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Selling to Overconfident Consumers

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  • Michael D. Grubb

    () (Stanford University)

Abstract

Consumers may overestimate the precision of their demand forecasts. This overconfidence creates an incentive for both monopolists and competitive firms to offer tariffs with included quantities at zero marginal cost, followed by steep marginal charges. This matches observed cellphone service pricing plans in the US and elsewhere. An alternative explanation with common priors can be ruled out in favor of overconfidence based on observed customer usage patterns for a major US cellular phone service provider. The model can be reinterpreted to explain the use of flat rates and late fees in rental markets, and teaser rates on loans. Nevertheless, firms may benefit from consumers losing their overconfidence.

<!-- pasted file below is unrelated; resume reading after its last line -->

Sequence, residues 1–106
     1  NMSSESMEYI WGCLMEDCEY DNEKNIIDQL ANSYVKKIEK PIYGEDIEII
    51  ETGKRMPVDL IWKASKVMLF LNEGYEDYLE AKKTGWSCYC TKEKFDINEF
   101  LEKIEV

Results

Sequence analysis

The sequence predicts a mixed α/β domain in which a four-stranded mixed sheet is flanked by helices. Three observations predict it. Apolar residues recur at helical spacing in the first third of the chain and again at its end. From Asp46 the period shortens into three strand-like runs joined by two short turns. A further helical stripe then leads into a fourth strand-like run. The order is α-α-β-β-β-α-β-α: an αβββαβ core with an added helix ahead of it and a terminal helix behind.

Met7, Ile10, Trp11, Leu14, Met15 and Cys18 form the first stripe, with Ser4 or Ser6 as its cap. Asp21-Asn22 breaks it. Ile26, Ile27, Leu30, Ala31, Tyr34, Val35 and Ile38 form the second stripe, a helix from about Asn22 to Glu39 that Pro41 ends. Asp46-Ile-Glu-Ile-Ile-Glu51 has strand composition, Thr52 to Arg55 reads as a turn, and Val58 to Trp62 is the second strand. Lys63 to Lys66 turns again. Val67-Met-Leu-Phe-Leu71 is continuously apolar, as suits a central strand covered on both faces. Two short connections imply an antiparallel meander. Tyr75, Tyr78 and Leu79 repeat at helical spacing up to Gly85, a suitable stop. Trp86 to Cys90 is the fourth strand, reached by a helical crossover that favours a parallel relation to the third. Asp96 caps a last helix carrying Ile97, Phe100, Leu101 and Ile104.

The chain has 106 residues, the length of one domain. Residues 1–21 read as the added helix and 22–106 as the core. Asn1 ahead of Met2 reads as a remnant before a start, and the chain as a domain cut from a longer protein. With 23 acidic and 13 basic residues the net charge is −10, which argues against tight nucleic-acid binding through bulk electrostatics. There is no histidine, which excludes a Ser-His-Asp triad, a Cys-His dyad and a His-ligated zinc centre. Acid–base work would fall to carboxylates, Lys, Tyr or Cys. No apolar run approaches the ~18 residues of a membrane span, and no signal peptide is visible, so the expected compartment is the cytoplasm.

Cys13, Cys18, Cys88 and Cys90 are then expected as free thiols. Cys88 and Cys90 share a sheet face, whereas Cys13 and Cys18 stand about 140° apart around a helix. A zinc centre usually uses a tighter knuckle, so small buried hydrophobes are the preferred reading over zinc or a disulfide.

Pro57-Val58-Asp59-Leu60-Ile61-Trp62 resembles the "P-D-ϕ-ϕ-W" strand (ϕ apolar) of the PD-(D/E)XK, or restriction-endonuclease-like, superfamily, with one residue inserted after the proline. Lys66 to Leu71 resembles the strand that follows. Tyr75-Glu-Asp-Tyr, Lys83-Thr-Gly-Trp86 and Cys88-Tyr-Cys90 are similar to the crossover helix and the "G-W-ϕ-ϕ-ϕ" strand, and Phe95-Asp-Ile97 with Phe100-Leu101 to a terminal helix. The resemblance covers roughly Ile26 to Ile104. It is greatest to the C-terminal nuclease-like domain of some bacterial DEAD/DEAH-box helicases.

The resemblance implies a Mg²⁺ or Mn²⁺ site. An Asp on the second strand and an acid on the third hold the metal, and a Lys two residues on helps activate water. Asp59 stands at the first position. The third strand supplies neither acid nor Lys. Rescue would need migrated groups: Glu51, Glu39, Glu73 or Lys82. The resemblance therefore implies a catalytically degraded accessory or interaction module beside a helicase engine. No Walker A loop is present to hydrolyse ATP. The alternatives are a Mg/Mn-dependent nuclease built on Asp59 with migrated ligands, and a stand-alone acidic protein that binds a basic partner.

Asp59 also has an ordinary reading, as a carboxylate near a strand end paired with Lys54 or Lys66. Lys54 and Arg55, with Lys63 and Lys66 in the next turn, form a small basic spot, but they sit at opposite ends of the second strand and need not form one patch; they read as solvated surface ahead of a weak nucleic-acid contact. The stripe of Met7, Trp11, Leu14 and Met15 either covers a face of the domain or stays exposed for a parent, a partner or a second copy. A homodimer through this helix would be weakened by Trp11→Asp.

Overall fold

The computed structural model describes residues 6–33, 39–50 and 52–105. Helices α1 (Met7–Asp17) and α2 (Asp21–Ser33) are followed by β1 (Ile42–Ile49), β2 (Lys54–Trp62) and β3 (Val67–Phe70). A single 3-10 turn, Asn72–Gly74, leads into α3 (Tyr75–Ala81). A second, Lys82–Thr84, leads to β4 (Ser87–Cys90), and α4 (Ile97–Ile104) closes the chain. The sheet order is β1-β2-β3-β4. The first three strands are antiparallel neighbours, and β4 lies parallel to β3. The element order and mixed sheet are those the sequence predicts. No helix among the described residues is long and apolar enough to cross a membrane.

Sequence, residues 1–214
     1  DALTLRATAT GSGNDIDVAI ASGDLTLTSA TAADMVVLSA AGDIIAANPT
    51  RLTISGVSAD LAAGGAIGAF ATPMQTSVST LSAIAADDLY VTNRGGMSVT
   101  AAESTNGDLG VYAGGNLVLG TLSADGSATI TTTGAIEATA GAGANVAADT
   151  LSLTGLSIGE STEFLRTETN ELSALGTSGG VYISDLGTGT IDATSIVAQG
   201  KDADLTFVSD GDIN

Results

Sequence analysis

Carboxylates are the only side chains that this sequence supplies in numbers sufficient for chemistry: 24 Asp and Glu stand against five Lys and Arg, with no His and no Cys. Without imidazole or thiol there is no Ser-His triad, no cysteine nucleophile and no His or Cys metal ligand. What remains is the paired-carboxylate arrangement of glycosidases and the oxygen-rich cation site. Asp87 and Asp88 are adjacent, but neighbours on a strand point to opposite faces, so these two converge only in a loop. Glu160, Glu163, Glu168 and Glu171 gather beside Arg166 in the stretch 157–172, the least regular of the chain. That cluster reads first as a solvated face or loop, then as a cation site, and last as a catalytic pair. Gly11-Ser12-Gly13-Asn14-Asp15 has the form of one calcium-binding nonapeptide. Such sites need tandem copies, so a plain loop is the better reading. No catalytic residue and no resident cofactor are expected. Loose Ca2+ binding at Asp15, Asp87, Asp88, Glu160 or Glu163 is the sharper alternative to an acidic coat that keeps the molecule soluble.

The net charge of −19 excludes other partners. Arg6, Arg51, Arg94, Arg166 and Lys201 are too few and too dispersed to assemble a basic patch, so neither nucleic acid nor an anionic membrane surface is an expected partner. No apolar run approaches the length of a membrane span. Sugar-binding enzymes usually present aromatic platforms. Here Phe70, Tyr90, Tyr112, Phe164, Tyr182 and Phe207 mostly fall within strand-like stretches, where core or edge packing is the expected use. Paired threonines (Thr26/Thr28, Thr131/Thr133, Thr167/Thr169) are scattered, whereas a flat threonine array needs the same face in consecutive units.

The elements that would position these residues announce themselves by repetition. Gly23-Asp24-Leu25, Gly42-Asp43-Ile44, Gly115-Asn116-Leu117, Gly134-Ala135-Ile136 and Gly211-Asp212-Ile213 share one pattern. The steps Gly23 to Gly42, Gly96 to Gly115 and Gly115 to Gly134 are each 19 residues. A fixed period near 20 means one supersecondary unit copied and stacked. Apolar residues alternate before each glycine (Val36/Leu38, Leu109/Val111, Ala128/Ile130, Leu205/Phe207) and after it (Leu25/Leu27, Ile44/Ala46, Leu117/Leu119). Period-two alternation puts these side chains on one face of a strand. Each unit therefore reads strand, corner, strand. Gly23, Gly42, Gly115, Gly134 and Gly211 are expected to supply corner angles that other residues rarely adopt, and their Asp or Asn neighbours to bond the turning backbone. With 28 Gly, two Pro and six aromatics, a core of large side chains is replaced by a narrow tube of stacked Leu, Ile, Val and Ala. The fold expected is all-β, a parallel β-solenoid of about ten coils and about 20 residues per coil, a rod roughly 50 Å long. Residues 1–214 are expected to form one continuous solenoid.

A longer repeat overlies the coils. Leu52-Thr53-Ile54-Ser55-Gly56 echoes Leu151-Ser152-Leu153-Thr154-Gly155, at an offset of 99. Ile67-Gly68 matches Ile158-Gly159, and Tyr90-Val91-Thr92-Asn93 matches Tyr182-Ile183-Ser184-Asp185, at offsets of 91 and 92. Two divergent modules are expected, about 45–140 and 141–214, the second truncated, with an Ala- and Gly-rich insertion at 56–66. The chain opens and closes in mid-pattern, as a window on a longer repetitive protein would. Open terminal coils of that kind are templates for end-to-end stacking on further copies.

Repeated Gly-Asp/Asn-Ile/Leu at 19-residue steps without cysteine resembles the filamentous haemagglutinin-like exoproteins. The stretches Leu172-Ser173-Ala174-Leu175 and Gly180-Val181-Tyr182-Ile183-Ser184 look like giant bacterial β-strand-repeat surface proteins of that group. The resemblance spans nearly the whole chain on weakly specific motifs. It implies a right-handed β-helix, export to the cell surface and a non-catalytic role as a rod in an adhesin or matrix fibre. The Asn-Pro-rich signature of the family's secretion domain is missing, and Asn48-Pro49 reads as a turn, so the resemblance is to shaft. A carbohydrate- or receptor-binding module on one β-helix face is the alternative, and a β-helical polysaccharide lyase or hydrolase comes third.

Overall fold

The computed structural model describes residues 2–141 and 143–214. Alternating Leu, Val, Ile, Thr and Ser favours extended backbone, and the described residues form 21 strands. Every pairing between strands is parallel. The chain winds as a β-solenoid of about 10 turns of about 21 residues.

Suggested Citation

  • Michael D. Grubb, 2006. "Selling to Overconfident Consumers," Discussion Papers 06-018, Stanford Institute for Economic Policy Research.
  • Handle: RePEc:sip:dpaper:06-018
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    References listed on IDEAS

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    More about this item

    Keywords

    overconfident consumers; cellphone plans; rental markets; teaser rates;

    JEL classification:

    • H32 - Public Economics - - Fiscal Policies and Behavior of Economic Agents - - - Firm

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